# Understanding Radiation Units

```Understanding Radiation Units
Answer True or False
1. The same amount of radiation falling on the
person at level of breast, head or gonads will
have the same biological effects.
2. Effective dose can be easily measured.
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Introduction
• Several quantities and units are used in the field of
diagnostic radiology to measure and describe
• Dosimetry is the quantitative determination of
• Some can be measured directly while others can
only be mathematically estimated.
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Hot Coffee – Energy contained in a sip
Excess Temperature = 60º - 37 = 23º
1 sip = 3ml
3x 23 = 69 calories
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Lethal Dose= 4Gy
LD 50/60 = 4 Gy
For man of 70 kg
Energy absorbed = 4 x 70 = 280 J
= 280/418= 67 calories
= 1 sip
Energy content of a sip of coffee if derived in the form of Xrays can be lethal
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absorbed by a body
per unit mass.
 Dosimetry is the
quantitative
determination of
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• Used to quantify a beam
of X or γ-rays
• There are:
• Quantities to express
total amount of
• Quantities to express
radiation at a specific
point
•Total photons
•Integral dose
specific point
•Photon fluence
•Absorbed dose
•Kerma
•Dose equivalent
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Exposure (X)
• Exposure is a dosimetric quantity for measuring
ionizing electromagnetic radiation (X-rays & Ɣrays), based on the ability of the radiation to
produce ionization in air.
Units:
coulomb/kg (C/kg)
or
roentgen (R)
1 R = 0.000258 C/kg
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EXPOSURE (X)
• It is the ability of a radiation beam to ionize air.
• It is measured in roentgens ( R), where 1 R of radiation
exposure produces ions carrying 2.58 x 10-4 C of charge per
kg of dry air.
• The exposure is the charge Q in the air per unit mass m
exposure = Q/m
• 1 R = 2.58 x 10-4 C /kg
• The only information X can give is how much radiation is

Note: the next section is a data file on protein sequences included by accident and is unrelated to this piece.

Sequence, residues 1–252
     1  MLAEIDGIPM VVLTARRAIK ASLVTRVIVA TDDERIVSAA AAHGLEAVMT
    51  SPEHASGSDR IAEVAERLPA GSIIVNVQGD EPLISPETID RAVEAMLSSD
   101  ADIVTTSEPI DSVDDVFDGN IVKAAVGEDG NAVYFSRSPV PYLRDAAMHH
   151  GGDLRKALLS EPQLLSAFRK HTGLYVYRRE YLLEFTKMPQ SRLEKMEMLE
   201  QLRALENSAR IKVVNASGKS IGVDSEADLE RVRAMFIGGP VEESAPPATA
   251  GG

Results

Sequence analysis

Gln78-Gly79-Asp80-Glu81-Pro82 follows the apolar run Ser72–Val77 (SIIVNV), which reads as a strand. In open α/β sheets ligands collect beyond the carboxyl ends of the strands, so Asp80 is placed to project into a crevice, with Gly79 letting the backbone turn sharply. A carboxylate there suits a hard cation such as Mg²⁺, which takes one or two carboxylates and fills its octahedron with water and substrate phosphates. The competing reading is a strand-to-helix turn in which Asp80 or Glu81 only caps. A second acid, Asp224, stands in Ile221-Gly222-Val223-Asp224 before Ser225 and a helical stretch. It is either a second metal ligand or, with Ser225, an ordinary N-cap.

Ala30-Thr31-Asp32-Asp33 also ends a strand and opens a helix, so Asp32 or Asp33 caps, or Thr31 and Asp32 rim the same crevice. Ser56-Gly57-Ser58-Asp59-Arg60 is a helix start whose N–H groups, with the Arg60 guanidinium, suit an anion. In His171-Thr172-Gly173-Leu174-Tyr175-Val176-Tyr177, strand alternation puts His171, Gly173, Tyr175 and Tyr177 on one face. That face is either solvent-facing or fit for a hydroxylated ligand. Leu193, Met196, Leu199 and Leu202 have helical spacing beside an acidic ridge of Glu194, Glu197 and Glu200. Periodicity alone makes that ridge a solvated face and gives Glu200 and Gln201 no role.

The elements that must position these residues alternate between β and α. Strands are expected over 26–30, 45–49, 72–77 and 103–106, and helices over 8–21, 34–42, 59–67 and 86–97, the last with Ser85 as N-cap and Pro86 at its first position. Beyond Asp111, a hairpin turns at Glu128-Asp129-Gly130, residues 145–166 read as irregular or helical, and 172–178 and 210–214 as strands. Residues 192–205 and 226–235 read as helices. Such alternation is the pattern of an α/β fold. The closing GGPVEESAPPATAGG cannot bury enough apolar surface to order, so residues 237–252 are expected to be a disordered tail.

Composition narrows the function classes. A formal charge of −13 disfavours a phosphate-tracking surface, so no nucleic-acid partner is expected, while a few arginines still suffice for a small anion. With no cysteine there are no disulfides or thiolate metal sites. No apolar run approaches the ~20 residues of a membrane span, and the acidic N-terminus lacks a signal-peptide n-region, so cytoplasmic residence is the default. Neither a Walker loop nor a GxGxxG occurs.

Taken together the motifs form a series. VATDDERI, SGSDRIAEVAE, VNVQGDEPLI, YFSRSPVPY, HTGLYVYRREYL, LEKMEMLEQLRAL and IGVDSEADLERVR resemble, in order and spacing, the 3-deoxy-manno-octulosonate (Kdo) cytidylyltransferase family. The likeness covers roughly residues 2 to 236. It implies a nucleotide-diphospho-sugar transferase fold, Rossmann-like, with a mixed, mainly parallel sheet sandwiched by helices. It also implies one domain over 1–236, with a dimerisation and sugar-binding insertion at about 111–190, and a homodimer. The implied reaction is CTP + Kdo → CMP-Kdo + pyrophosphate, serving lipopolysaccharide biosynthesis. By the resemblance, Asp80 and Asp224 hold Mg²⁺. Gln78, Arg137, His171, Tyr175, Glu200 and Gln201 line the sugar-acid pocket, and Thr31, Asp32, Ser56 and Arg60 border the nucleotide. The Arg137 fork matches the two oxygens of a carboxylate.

present. It does not say anything about whether all this
ionization is absorbed by the material.
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KERMA
KERMA (Kinetic Energy Released in a Material):
• Is the sum of the initial kinetic energies of all charged
ionizing particles liberated by uncharged ionizing
particles in a material of unit mass
• For medical imaging use, KERMA is usually expressed in
air
SI unit = joule per kilogram (J/kg)
or gray (Gy)
1 J/kg = 1 Gy
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Absorbed dose: D
Absorbed dose, D, is the amount of (E)
energy imparted by ionizing radiation to
matter per unit mass (m).
D=E/m
SI unit = joule per kg (J/kg) or gray (Gy).
Harold Gray
In diagnostic radiology, KERMA and D
are equal.
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Absorbed Dose (D)
• One gray (Gy) is the amount of radiation
(regardless of the type) that will deposit 1 J
of energy in 1 kg of matter.
• An older unit for absorbed dose is the rad,
an acronym for radiation absorbed
• One rad is the quantity of ionizing radiation
that will deposit 0.01 J ( 100 ergs) of energy
in 1 g of absorbing material. 1 gray = 100
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Mean absorbed dose in a tissue or organ
The mean absorbed dose in a tissue or organ DT
is the energy deposited in the organ divided by
the mass of that organ.
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Now things get a little more complicated !
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Equivalent Dose
•
•
•
•
•
•
•
The biological effects of radiation depends on the type of radiation.
Equal dose of Alpha particles and Gamma radiation does not affect the tissue
the same way.
To account for the difference of the biological effects of radiation, we use the
quantity equivalent dose.
Equivalent Dose is the product of absorbed dose and the radiation weighting
factor wR for the type of radiation use.
Equivalent dose = absorbed dose x wR
The SI unit of equivalent dose is sievert (Sv)
An older unit for equivalent dose is the rem , short for roentgen equivalent
man.
1 Sv = J/kg
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Radiation Weighting Factors, wR
Radiation weighting factor, wR
Photons
1
Electrons and muons
1
Protons and charged pions
2
Alpha particle, fission fragments,
heavy ions
5
Neutrons,energy < 10keV
>10-100 keV
>100keV – 2MeV
> 2-20 MeV
> 20 MeV Radiation Protection in Paediatric Radiology
5
10
20
10
5ICRP 103)
L02. Understanding
(Source:
Radiation Quantities and Units
Equivalent dose (Unit = sievert, Sv )
• Compares the biological effects for
different types of radiation, X-rays,
Ɣ-rays, electrons, neutrons,
protons, α-particles etc.
• For X-rays, Ɣ-rays, electrons :
Rolph Sievert
absorbed dose and equivalent
dose have the same value Gy = Sv.
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Summary
• Dosimetric quantities are useful to know the
•
•
•
•
potential hazard from radiation and to determine
radiation protection measures to be taken
Physical quantities - Directly measurable
Protection quantities - Defined for dose limitation
purposes, but not directly measurable.
Application specific quantities - Measurable in
medical imaging.
Diagnostic Refernce Levels
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Answer True or False
1. The same amount of radiation falling on the
person at level of breast, head or gonads will
have same biological effects.
2. Effective dose can be easily measured.
3. Diagnostic reference levels are not